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Exams preparation for language improvement - HIGOR CAVALCANTE

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  • 1. Brushing up your English via exams preparation: an action plan Higor Cavalcante
  • 2. What do we need to do know about the language we teach?
  • 3. Teachers need to know a lot about the subject they are teaching (the English language). (…) Language teachers need to know how the language works. (…) a knowledge of the grammar system and understanding of the lexical system. (…) They need to be aware of pronunciation features such as sounds, stress and intonation. (…) Students have a right to expect that teachers of the English language can explain straightforward grammar concepts, including how and when they are used. They expect their teachers to know the difference between the colloquial language that people use in informal conversation and the more formal language required in more formal settings. Jeremy Harmer in How to teach English. Pearson, 2007.
  • 4. Among the consequences of (…) a limited knowledge of language are: a failure on the part of the teacher to anticipate learners’ learning problems and a consequent inability to plan lessons that are pitched at the right level; (…) an inability to deal satisfactorily with errors, or to field learners’ queries; and a general failure to earn the confidence of the learners due to a lack of basic terminology and ability to present new language clearly and efficiently. Scott Thornbury, in About Language. Cambridge, 1997.
  • 5. Why exams • • • • • • They provide a target to aim at They make us study harder They make us revise what we have learned They show other people what I’m capable of They give me qualifications I can put on my CV They ultimately provide a sense of achievement Adapted from How to teach for exams. Pearson, 2005.
  • 6. Which exams • Cambridge English: Advanced (aka CAE) – CEFR C1 • Cambridge English: Proficiency (aka CPE) – CEFR C2
  • 7. What is tested CAE CPE • • • • • • • • • Reading Writing Use of English Listening Speaking Reading and Use of English Writing Listening Speaking
  • 8. Preparing for international exams • • • • • • Read vastly and variedly Study grammar Study vocabulary Expose yourself to a lot of English Speak with proficient speakers Be curious
  • 9. READING
  • 10. What should I read? • • • • Books (varied genres) Magazines (assorted topics) Newspapers (different regions, various themes) Exam-like tasks / past papers • Amount and range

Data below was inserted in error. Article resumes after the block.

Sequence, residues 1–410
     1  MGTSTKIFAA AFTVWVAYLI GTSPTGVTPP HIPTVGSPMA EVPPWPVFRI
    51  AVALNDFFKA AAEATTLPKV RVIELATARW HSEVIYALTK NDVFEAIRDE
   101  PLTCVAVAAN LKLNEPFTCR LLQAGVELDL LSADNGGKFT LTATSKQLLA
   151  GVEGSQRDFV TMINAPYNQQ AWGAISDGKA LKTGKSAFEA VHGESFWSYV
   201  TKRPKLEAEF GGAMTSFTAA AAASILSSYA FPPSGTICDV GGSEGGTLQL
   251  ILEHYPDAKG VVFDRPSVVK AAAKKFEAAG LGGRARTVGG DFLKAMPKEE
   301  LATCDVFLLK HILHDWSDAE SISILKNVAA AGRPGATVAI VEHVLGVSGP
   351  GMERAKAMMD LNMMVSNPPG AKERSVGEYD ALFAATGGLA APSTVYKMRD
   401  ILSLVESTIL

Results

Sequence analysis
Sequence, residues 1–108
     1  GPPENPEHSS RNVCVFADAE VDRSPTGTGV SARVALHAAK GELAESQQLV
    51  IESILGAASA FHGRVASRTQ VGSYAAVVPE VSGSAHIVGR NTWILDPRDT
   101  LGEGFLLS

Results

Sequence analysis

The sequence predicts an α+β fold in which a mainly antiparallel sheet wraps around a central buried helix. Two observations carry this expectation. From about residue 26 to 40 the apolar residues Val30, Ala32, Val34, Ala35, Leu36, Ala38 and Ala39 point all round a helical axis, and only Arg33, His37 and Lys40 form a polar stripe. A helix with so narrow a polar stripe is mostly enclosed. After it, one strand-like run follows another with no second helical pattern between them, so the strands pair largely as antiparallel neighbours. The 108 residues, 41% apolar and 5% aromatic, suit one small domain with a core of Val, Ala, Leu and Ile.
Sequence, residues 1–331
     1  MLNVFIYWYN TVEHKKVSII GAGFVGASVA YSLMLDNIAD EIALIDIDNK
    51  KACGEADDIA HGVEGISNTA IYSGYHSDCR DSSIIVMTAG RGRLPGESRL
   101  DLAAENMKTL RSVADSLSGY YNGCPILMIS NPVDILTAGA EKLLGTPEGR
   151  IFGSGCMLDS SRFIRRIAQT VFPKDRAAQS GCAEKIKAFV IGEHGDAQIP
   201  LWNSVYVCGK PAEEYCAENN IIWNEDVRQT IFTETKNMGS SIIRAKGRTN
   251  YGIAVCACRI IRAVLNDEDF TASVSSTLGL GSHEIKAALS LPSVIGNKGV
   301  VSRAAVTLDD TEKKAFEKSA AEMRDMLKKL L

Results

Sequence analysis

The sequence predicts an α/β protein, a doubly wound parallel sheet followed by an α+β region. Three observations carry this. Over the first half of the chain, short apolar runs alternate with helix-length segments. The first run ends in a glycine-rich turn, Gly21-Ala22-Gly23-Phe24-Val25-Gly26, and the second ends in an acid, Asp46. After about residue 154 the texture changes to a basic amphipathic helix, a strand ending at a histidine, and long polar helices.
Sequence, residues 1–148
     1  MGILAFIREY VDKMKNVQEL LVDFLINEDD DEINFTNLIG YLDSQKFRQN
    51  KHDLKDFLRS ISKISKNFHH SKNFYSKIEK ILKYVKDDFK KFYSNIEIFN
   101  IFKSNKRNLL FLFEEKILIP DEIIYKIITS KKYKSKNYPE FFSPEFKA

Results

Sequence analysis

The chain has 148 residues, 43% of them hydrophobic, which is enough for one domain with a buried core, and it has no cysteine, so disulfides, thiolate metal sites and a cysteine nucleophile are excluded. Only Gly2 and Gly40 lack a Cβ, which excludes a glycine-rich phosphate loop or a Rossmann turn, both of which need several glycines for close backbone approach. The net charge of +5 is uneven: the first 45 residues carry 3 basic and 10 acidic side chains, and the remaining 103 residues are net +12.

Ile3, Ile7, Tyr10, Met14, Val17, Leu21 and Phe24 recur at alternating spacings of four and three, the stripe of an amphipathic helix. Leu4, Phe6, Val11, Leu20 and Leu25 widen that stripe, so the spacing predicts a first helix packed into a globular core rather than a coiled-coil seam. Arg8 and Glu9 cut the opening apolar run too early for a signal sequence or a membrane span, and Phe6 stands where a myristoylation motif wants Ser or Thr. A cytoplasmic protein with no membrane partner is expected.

• 11. Exam sample
  • 12. WRITING
  • 13. Tell a partner • What you’ve written in the past two weeks • How much writing you normally do • Which genres you usually practice
  • 14. Practicing writing • • • • Varied genres: letter, report, review, essay, article etc. Good writers read vastly and variedly Study models Text organization (paragraphing, layout), register, range and accuracy of lexis and syntax, punctuation, coherence & cohesion • Write a lot!
  • 15. Exam sample
  • 16. LISTENING
  • 17. Improving listening skills • Study phonology • Listen to a lot of English • TV (movies, series etc.) • Podcasts, websites • www.ted.com • Do exam-like tasks / past papers • Focus on language
  • 18. Exam sample
  • 19. SPEAKING
  • 20. Working on your speaking skills • • • • • Teaching (usually) won’t help much Practice speaking with advanced and proficient speakers Make a conscious effort to activate new, interesting language Suggestions: book clubs, study groups, Skype, record yourself Exam-like tasks
  • 21. Exam sample
  • 22. USE OF ENGLISH
  • 23. Know your grammar. And vocabulary. • You can’t separate them. • No matter what happens, I am never going to stay in that hotel again. UNDER • Under _______ stay in that hotel again. • Under no circumstances am I ever going to stay in that hotel again.
  • 24. Know your grammar. And vocabulary. • Be sure you know all a word can mean. • The company _____ its awards ceremony in March last year. • John _____ the ladder firmly while his father painted the window frame. • The file that was destroyed ____ some extremely important information. • held
  • 25. Know your grammar. And vocabulary. • Study word formation. Understand their grammatical forms. identification Apparently accompanying checkout update timely painstaking offenders
  • 26. Know your grammar. And vocabulary. • • • • • • Study grammar conscientiously Keep a vocabulary notebook at all times. Be curious. Do exam-like tasks / past papers Read vastly and variedly. Revisited previously studied vocabulary. Make a conscious effort to put new language into use.
  • 27. Good grammar books • • • • Advanced Language Practice, Michael Vince. Macmillan. Advanced Grammar in Use, Martin Hewings. Cambridge. Practical English Usage, Michael Swan. Oxford. Grammar for English Language Teachers, Martin Parrott. Cambridge.
  • 28. Good vocabulary books • • • • • How to Teach Vocabulary, Scott Thornbury. Pearson. English Vocabulary in Use – Advanced. Cambridge. English Collocations in Use – Advanced. Cambridge. English Idioms in Use – Advanced. Cambridge English Phrasal Verbs in Use – Advanced. Cambridge.
  • 29. Other good language books • About Language, Scott Thornbury. Cambridge. • English Pronunciation in Use – Advanced, Martin Hewings. Cambridge.
  • 30. Bibliography • • • • • • How to Teach English, Jeremy Harmer. Pearson. How to Teach for Exams, Burgess & Head. Pearson. About Language, Scott Thornbury. Cambridge. Certificate in Advanced English 1. Cambridge. Expert Proficiency – Student’s Resource Book. Pearson. Objective Proficiency, Capel & Sharp. Cambridge.
  • 31. Thank you! • • • • higor@higorcavalcante.com www.higorcavalcante.com Skype/Twitter: teacherhigor Facebook: Higor Cavalcante